Nucleoporin TPR promotes tRNA nuclear export and protein synthesis in lung cancer cells

Miao Chen, Qian Long, Melinda S. Borrie, Haohui Sun, Changlin Zhang, Han Yang, Dingbo Shi, Marc R. Gartenberg, Wuguo Deng

The robust proliferation of cancer cells requires vastly elevated levels of protein synthesis, which relies on a steady supply of aminoacylated tRNAs. Delivery of tRNAs to the cytoplasm is a highly regulated process, but the machinery for tRNA nuclear export is not fully elucidated. In this study, using a live cell imaging strategy that visualizes nascent transcripts from a specific tRNA gene in yeast, we identified the nuclear basket proteins Mlp1 and Mlp2, two homologs of the human TPR protein, as regulators of tRNA export. TPR expression is significantly increased in lung cancer tissues and correlated with poor prognosis. Consistently, knockdown of TPR inhibits tRNA nuclear export, protein synthesis and cell growth in lung cancer cell lines. We further show that NXF1, a well-known mRNA nuclear export factor, associates with tRNAs and mediates their transport through nuclear pores. Collectively, our findings uncover a conserved mechanism that regulates nuclear export of tRNAs, which is a limiting step in protein synthesis in eukaryotes.

Protein synthesis levels are tightly controlled to match the demands of cell growth. The demand for increased protein synthesis is greatest during the uncontrolled proliferation of cancer cells. Thus, understanding and harnessing the rate limiting steps in protein synthesis represents an important goal in cancer research. Studies have shown that the cellular tRNA pool plays an important role in the regulation of protein synthesis, and a role for tRNA abundance in cancer is emerging [1]. Not only is the size of the tRNA pool different in cancer cells but the content of specific tRNAs in that pool adjusts to selectively increase expression of genes required for cancer cell growth [2]. Differences in transcription of a subset of tRNA genes appear to drive the differences in tRNA content between cancerous and differentiated cells [3].

Previously, we found that tRNA genes dock at NPCs when their expression peaks in M phase [26]. The behavior was reminiscent of several well-characterized RNA polymerase II-transcribed genes [27], and suggested that docking at NPCs coordinated tRNA production with nuclear export. Association of tRNA genes at NPCs required several factors, including nucleoporin Nup60 and nascent tRNA exportin Los1. Nup60 binds stably to the nuclear basket and anchors yeast myosin-like protein 1 (Mlp1) to the nucleoplasmic side of the NPC [28,29]. Mlp1 and its paralog Mlp2 are orthologs of the TPR protein in higher eukaryotes. The early finding that Mlp proteins associated with a subset of active RNA polymerase II-transcribed genes placed them at the nexus of transcription and NPC contact [30].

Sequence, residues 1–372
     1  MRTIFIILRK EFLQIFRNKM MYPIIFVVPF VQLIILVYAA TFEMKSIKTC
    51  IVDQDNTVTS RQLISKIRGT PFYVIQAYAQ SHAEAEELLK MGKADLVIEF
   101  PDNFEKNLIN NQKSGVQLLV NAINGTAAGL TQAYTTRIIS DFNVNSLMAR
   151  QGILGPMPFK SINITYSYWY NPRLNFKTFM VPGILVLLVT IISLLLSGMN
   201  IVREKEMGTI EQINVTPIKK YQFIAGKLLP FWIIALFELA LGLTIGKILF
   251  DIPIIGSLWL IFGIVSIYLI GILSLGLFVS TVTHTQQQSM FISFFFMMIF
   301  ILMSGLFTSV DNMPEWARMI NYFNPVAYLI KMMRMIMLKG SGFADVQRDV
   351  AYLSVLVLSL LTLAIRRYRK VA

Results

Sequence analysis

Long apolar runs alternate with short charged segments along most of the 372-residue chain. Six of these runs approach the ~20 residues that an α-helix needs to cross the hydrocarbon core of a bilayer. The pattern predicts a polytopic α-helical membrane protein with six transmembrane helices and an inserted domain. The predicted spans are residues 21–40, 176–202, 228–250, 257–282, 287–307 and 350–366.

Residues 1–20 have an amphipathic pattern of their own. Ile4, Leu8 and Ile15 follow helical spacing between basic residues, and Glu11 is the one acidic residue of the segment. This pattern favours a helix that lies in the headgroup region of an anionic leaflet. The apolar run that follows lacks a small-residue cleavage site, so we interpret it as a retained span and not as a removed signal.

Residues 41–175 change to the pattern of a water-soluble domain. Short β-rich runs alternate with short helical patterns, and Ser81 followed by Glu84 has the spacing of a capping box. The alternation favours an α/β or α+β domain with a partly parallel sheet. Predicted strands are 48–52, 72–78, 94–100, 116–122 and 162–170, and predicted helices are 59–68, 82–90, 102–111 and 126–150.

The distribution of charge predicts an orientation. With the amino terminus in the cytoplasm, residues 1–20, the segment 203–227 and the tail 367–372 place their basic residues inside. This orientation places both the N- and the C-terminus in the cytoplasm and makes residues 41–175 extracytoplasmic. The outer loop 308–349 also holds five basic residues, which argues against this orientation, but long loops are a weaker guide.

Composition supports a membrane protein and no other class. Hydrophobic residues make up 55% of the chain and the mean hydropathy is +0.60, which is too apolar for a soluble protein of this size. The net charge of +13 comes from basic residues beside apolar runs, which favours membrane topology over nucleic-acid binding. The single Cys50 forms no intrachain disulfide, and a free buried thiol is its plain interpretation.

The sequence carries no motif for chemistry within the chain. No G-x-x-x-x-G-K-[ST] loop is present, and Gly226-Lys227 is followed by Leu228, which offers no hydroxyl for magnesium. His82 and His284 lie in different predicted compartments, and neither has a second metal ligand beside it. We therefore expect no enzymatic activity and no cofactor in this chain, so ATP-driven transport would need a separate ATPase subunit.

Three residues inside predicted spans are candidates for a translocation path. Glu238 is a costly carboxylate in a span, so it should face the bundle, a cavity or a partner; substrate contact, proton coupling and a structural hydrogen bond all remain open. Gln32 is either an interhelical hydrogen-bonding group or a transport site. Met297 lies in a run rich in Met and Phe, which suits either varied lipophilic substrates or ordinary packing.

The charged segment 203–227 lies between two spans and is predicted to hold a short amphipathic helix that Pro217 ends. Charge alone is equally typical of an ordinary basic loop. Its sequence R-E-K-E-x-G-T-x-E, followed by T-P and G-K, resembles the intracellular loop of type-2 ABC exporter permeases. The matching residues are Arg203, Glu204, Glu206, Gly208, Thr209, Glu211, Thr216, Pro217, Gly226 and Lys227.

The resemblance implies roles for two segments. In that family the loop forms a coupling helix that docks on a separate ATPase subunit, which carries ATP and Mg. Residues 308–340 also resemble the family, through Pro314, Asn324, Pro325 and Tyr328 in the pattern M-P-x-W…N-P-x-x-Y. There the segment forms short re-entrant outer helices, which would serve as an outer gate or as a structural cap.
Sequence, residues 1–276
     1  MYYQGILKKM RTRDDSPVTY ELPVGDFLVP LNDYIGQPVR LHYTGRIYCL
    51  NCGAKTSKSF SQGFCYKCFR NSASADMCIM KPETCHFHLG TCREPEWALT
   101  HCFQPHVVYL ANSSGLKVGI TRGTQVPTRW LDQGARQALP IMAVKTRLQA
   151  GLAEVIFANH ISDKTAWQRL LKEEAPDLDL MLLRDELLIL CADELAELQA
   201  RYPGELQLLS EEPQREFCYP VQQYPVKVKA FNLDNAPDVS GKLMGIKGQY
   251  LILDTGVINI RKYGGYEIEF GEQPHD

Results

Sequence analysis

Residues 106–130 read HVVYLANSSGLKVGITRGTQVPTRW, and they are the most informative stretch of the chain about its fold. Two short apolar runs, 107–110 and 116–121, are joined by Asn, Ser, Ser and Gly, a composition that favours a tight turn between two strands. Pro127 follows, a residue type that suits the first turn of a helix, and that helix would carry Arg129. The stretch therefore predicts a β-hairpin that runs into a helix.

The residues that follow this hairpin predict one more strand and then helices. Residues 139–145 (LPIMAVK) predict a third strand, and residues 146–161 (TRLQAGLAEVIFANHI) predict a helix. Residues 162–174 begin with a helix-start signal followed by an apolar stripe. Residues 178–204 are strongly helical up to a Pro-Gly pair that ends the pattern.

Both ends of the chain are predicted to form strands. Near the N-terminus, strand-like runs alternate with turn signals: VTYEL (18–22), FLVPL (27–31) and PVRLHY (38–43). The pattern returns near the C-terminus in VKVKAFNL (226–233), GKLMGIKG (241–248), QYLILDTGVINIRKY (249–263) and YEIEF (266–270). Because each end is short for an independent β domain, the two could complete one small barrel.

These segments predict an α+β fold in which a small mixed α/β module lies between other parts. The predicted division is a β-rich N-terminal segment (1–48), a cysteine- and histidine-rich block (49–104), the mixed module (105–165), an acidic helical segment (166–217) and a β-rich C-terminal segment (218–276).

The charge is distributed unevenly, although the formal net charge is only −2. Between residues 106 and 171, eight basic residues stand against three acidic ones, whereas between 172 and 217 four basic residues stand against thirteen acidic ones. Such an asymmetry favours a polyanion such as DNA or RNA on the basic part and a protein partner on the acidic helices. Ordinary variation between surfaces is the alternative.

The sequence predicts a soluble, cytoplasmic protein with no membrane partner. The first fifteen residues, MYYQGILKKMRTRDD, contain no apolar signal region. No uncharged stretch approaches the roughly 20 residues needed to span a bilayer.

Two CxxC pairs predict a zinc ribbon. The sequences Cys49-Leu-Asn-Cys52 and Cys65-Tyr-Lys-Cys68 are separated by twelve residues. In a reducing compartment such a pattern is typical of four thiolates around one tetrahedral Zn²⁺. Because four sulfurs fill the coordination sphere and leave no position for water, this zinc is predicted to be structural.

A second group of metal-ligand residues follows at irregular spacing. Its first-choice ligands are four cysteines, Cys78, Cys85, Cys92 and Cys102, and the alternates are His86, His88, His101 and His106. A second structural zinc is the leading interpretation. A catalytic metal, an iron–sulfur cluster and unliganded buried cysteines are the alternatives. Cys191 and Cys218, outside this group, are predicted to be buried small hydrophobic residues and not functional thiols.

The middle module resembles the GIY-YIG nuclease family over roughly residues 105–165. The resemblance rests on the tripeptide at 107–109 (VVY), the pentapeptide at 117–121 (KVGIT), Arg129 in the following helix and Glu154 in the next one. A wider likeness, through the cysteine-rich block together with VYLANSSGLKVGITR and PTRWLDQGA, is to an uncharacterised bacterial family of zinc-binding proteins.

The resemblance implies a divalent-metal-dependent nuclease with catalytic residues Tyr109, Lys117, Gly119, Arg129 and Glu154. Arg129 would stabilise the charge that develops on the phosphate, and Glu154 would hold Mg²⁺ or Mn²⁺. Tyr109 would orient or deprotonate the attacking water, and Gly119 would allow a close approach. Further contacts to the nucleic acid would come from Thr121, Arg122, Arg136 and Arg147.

The major findings of our current study are that (i) the yeast homologs of TPR, Mlp1 and Mlp2, are required for tRNA gene docking at NPCs and nuclear export of nascent tRNA transcripts; (ii) the tRNA export role for TPR is conserved in human lung cancer cells, and fulfilled through association with NXF1, an RNA binding factor that mediates export of both tRNA and mRNA through NPCs; (iii) TPR coordinates the nuclear export of various RNAs including mRNAs, tRNAs and rRNAs, and promotes protein synthesis in eukaryotes.

Citation: Chen M, Long Q, Borrie MS, Sun H, Zhang C, Yang H, et al. (2021) Nucleoporin TPR promotes tRNA nuclear export and protein synthesis in lung cancer cells. PLoS Genet 17(11): e1009899.

Editor: Ben Montpetit, University of California Davis, UNITED STATES

Received: April 7, 2021; Accepted: October 21, 2021; Published: November 18, 2021

Copyright: © 2021 Chen et al. This is an open access article distributed under the terms of the Creative Commons Attribution License, which permits unrestricted use, distribution, and reproduction in any medium, provided the original author and source are credited.

Data Availability: All relevant data are within the manuscript and its Supporting Information files.

Funding: This work was supported by National Natural Science Foundation of China (81702761 and 81972623 [MC], 81772925 and 81972569 [WD],, Guangdong Basic and Applied Basic Research Foundation (2020A1515010253 [MC],, United States Public Health Service Grants (NIGMS 51402 [MRG], and New Jersey Department of Health (DFHS15PPC036 [MC], The funders had no role in study design, data collection and analysis, decision to publish, or preparation of the manuscript.

Competing interests: The authors have declared that no competing interests exist.

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